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Please refer to the following picture.

enter image description here

A tangent is a line that touches the curve at only one point.

A normal is a line perpendicular to the tangent. Is that the definition of a normal?

Or is the definition of a normal a line that is perpendicular to the tangent at the point where it touches the curve?

Because if the first definition is correct, then can't the line $N_2$ be a normal as well? We know $N_1$ is a normal. But what about $N_2$?

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  • $\begingroup$ A tangent is a line that touches the curve at only one point. This is a very awkward definition (and certainly doesn't agree with the most spread definition of a tangent). $\endgroup$ – gniourf_gniourf Dec 22 '16 at 12:10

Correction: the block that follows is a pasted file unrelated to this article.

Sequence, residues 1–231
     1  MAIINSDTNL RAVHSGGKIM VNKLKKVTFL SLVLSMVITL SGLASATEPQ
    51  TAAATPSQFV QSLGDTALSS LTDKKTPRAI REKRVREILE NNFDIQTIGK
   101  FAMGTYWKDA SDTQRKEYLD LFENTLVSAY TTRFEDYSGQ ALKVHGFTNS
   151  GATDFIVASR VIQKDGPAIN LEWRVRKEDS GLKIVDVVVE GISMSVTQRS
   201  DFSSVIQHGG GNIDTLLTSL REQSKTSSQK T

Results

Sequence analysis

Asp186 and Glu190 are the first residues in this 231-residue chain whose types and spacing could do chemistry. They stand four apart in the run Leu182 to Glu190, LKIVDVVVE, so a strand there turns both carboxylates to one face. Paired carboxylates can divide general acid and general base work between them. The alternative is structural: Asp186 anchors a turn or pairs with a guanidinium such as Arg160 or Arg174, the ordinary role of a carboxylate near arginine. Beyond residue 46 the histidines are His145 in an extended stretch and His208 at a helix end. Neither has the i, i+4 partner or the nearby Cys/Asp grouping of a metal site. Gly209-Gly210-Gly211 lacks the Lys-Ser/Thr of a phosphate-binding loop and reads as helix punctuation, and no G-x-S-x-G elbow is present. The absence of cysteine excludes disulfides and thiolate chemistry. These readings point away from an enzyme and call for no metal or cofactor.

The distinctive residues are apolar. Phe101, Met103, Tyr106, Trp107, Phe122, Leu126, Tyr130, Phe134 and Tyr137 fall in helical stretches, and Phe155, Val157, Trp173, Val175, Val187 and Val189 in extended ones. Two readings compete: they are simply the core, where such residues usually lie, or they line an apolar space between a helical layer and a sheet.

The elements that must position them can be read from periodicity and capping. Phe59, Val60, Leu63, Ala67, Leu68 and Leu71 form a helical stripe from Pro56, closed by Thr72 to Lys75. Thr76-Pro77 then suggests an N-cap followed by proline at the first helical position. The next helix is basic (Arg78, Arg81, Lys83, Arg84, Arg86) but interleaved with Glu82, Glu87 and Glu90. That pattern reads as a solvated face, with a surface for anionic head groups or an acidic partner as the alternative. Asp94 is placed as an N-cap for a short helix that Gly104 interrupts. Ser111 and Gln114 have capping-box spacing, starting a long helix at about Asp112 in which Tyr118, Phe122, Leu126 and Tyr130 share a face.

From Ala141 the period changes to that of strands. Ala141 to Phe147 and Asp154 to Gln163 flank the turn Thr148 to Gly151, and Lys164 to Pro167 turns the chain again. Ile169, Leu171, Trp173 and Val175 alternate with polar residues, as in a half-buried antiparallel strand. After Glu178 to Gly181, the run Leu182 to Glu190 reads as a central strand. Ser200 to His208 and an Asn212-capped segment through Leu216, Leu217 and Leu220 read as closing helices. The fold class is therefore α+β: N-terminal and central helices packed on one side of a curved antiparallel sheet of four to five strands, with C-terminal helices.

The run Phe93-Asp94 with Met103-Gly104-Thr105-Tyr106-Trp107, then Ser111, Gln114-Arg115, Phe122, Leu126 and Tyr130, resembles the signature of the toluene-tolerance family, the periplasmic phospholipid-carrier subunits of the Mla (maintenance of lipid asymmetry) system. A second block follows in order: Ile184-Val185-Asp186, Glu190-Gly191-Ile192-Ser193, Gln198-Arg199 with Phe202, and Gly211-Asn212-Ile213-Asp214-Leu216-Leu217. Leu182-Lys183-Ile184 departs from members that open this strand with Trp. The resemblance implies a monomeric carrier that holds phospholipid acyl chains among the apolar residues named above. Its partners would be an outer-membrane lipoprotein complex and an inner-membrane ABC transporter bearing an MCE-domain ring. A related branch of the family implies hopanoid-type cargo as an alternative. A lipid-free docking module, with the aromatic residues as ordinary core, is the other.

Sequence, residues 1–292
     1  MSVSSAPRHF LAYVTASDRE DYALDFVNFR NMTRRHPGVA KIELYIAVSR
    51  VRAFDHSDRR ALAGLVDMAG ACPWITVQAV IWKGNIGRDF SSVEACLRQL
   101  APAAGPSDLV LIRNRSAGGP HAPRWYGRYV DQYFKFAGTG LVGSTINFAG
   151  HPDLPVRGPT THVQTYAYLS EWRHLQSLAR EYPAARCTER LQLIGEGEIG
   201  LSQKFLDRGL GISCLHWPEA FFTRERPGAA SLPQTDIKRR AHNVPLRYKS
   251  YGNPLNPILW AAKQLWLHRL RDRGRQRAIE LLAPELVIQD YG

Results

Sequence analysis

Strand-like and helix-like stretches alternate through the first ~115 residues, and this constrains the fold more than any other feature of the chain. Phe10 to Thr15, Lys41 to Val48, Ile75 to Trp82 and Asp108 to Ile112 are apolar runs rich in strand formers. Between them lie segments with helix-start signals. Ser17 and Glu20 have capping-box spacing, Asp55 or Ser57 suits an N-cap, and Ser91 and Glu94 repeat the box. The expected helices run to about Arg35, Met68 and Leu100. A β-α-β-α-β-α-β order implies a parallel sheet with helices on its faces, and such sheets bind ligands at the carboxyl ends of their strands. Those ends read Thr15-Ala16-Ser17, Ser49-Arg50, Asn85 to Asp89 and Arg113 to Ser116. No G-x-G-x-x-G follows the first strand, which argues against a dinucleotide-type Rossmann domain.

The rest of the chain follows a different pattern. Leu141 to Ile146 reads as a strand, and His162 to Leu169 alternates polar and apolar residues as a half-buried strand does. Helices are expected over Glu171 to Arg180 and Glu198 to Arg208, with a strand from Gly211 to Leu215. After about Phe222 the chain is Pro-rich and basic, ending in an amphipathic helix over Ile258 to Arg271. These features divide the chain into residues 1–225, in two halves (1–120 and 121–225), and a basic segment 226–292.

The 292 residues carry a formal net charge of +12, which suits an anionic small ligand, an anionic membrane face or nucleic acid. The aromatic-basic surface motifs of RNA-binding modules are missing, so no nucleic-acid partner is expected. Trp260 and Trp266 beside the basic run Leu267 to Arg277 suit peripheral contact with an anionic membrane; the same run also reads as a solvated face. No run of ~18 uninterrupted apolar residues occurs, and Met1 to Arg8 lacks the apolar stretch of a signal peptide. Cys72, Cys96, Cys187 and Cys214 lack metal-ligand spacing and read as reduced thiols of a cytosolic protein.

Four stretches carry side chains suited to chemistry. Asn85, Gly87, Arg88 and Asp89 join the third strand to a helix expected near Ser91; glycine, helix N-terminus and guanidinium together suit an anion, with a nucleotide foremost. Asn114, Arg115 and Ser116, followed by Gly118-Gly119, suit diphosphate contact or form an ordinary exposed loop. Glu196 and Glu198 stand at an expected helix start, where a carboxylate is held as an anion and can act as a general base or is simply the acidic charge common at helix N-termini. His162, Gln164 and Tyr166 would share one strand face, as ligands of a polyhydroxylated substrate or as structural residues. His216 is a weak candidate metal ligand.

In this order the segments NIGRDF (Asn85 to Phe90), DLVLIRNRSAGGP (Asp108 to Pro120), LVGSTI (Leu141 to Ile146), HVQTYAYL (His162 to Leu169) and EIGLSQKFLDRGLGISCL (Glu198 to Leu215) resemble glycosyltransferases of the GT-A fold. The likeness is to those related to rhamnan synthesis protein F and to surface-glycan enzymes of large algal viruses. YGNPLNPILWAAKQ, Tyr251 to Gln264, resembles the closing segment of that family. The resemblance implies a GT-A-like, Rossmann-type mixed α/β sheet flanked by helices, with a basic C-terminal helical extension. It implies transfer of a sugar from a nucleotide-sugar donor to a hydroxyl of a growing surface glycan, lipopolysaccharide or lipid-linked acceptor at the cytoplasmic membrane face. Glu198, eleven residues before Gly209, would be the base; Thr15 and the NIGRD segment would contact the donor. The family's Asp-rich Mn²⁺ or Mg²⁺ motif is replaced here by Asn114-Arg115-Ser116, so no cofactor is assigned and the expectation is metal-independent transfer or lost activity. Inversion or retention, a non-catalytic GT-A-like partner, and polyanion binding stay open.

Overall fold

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Yes both N1 and N2 can be normals as both lines are perpendicular to the line of the tangent.

Just a quick tip:

The gradient of a normal is always the negative reciprocal of the gradient of the tangent for example.

If the gradient of the tangent is 3 then the gradient of the normal (the negative reciprocal) is -1/3.

To check that this is correct both gradients mutiplied together should give -1.

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